Homes to be built on former garden centre site in Nazeing

A housing development in a former garden centre will be completed, despite being in green belt land as well as an old landfill site.

Phase Two of the development at the former Chimes Garden Centre in Old Nazeing Road, was given final approval by Epping Forest District Council last month.

After debating the proposals, councillors concluded that developing the land would be an opportunity to smarten up its condition, which has deteriorated since the garden centre closed, and to provide a higher standard of decontamination.

The development, which will be built in the southern part of the site, will consist of 14 new homes – four affordable flats and 10 houses.

Phase One, in the northern part of the site, consists of 33 houses and is currently being built having been given planning permission in 2019.

Paul Watson, a planning agent for the applicant, said issues with contamination had prevented the site being developed as a whole, but these had now been resolved.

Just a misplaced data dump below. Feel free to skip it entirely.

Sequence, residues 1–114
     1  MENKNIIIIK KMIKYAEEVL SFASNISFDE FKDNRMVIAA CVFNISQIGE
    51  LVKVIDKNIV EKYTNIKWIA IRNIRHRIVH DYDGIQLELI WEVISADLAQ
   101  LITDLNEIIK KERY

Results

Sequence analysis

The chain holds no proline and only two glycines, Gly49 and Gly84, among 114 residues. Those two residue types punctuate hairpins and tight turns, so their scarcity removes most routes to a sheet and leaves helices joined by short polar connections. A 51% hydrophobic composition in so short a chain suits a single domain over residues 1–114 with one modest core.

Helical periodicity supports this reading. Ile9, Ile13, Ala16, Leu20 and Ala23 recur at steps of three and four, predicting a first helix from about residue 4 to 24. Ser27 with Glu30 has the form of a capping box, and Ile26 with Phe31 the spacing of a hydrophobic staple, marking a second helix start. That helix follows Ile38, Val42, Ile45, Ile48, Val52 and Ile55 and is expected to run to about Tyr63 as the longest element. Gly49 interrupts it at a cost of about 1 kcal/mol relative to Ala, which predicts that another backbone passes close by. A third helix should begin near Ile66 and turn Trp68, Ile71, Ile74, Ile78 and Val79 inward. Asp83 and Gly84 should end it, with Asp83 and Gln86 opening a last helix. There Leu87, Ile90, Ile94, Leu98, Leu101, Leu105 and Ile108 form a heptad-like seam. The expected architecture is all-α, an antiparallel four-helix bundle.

He said: “Given the historic landfilling of the site, members note that the opportunity existed through the granting of this application to secure a higher standard of contamination mitigation than is currently required.”

According to a council report, the application was approved by the Area Planning Sub-Committee West on March 16 2022, despite officers’ recommendation to refuse.

But it was then referred upward to the District Development Management Committee in order to approve a departure from the council’s local plan policy.

Councillor Heather Brady (Con, Passingford) told the committee: “I think it’s important to point out that just because land has been allowed to become messy, untidy and tatty, is not a reason to build on land.”

Councillor David Joslin, of Nazeing Parish Council, said the condition of the site had deteriorated since the original closure of the garden centre and that the parish council supported both phases of the development.

Additionally, he said the parish council had visited the site proposed for Phase Two, and said it remained in an “untidy and unattractive condition”.

He said: “This must clearly have a detrimental effect on the completed development of Phase One.

“It appears evident that if the Phase Two site is not developed it will remain in its present condition indefinitely, which the council considers to be unacceptable.”

The former garden centre has been subject to several planning applications since its closure, many of which were never acted on despite approval from the council.

The developer will also contribute £61,523 to local education, £1089.20 to libraries and £335 per dwelling to air quality mitigation measures, according to the report.

Eight councillors voted to approve the application, versus five against and one abstention.

Charlie Ridler

Local Democracy Reporter